At the Zimbabwe Trade and Investment Conference in Harare on Friday, the Minister of Foreign Affairs and International Trade Dr Sibusiso Busi Moyo tackled the issue of Government’s 100-day targets.
The targets were the result of President Emmerson Mnangagwa’s first meeting with his Cabinet on December 5, 2017; a meeting at which the Head of State and Government said he expected his ministers to think outside the box and come up with priority projects that bring about positive socio-economic changes within the shortest possible period.
It is in that context that we speak today of “100-day plans”.
The phrase is both a literal expression of achieving quick wins within roughly a quarter of a year, and more importantly a metaphorical expression of creating a cycle of project implementation that goes beyond actual calendar days.
After all, if the 100 days were about calendar days, would this mean a minister who achieves project implementation after 30 days can sit back and wait another 70 days before tackling the next item on the agenda?
Which is what Dr Moyo was speaking to at the Zimbabwe Trade and Investment Conference.
In part, he said, “… According to His Excellency, the 100 days is a management tool to ensure that ministers are accountable for their performance and that ministers can always account for what they have achieved and for what they have not achieved … And I can assure you that when you start at minus five, it takes time to get to one.”
This echoed what Presidential Spokesperson and Secretary for Information, Media and Broadcasting Services Mr George Charamba said in a radio interview on January 14, 2018.
In that instance, Mr Charamba said: “First of all, it is an American concept which we have imported into our own politics, but one which doesn’t take into account the realities that are obtaining in our own situation.
“… if Zimbabweans are counting days hoping for real, measurable, concrete, material changes in their lives within 100 calendar days, then we are likely to meet a crisis of expectation which may not in fact be validated through scientific reckoning.
“… From worst we get to worse, from worse, hopefully we get to bad, and from bad we get to zero, and from zero then we begin to crawl up.”
In short, this means Zimbabweans must not expect a magical turnaround in their socio-economic fortunes in 100 days.
Rather, all shoulders should be put to the wheel so that incremental gains create the gravitas for real economic growth and development that can be measured on the basis of improved livelihoods.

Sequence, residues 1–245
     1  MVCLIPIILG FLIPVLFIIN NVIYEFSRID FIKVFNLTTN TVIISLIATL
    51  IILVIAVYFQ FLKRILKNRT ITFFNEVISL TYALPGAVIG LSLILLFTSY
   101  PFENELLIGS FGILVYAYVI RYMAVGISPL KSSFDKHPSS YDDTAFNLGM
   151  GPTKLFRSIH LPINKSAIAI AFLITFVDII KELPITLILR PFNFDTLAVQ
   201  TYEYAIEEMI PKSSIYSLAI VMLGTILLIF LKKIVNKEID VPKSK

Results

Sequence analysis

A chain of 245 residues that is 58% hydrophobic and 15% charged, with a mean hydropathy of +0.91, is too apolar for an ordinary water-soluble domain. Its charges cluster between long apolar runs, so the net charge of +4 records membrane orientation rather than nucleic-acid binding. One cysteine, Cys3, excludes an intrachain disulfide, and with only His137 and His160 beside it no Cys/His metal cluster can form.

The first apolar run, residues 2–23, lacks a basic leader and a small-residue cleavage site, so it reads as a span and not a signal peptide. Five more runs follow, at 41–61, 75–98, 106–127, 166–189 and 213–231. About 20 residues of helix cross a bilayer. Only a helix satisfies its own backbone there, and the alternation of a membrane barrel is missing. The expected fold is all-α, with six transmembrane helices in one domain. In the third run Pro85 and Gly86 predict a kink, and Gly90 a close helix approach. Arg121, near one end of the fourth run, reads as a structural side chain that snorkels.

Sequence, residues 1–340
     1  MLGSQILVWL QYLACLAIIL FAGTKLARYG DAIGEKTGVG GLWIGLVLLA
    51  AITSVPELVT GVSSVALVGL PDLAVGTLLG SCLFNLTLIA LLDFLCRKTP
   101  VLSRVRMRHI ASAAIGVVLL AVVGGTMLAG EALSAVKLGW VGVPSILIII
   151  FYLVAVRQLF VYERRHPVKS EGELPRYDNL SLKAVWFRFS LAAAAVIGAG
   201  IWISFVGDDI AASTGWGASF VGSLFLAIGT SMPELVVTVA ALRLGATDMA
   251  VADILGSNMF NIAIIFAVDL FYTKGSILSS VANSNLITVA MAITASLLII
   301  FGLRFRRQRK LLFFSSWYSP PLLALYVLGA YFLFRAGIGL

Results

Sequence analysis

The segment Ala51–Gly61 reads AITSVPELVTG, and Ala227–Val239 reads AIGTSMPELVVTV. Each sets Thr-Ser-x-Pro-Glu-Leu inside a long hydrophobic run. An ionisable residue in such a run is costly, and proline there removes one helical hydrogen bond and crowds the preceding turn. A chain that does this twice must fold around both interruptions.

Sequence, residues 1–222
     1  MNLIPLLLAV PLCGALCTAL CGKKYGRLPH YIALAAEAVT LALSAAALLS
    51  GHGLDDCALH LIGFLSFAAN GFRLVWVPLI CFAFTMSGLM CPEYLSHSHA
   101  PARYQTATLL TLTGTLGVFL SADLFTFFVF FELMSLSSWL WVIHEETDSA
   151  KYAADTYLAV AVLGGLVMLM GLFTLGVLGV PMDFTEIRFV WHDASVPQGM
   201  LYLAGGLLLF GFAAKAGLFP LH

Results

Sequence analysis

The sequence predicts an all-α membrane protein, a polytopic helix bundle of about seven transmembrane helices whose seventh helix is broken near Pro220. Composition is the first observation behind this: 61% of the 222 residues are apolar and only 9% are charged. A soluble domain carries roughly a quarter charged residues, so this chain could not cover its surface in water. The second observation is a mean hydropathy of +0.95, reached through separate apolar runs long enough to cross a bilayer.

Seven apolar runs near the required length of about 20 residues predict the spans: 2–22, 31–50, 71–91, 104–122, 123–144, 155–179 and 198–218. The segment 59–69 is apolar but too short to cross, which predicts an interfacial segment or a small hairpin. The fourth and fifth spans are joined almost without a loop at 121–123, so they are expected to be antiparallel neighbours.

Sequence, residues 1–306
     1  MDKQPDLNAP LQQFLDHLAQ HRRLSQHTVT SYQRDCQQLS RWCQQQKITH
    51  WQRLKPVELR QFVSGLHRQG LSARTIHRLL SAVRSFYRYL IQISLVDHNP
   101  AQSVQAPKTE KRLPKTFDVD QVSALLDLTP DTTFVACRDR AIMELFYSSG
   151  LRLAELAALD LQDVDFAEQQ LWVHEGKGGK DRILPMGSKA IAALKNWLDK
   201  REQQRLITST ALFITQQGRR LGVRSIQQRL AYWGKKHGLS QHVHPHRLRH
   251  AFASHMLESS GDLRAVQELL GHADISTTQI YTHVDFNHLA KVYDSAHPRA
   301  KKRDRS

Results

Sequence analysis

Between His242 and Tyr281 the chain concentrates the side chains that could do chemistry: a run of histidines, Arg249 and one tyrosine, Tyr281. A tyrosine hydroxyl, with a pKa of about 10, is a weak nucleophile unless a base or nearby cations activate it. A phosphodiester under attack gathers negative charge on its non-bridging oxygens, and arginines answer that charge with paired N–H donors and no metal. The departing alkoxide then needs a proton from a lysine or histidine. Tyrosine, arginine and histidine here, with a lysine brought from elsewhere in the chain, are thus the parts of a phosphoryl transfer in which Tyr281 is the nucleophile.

It is about creating a domino effect, where successful implementation of one project feeds implementation of another so that we start registering gains that result in exponential growth of our economic base.
As such, it does not matter if the “100 days” end today, tomorrow or in April.
What matters is this country coming up with measurable economic victories that put food on tables, clothes on backs, roofs over heads, medicines in clinics and hospitals, and withdrawable salaries in bank accounts.
This means the Office of the President must be diligent in monitoring the activities of ministers, and it is good that Information Acting Minister Ambassador Simon Khaya Moyo has promised to make public the “end of term report” on what has happened since the December 5, 2017 Cabinet meeting.
There should be accountability, with ministers — as Dr Moyo has said – being able to tell Zimbabweans where they have succeeded and where they have failed.
More importantly, that “end of term report” must itself be a tool with which we can create the momentum we need to turnaround the economy.
It should not just be about firing ministers, but coming up with strategies to counter whatever failures will have been encountered in the first 100 days so that the next 100 days bring better results.
In that way, a cycle of continuously improving performance will be realised in the quickest possible time.
That said, we will reiterate that building Zimbabwe’s economy is not a job for President Mnangagwa and his team alone.
Government’s role is to create the right conditions for enterprise to flourish, and in turn the people must apply themselves fully to improving our circumstances.
Zimbabwe is in urgent need of an honest day’s work from every citizen and not cynicism that inspires lethargy and detracts attention from the things we all should be doing every single day and not just for 100 days.
The first 100 days, the next 100 days, and the years thereafter are everyone’s child.
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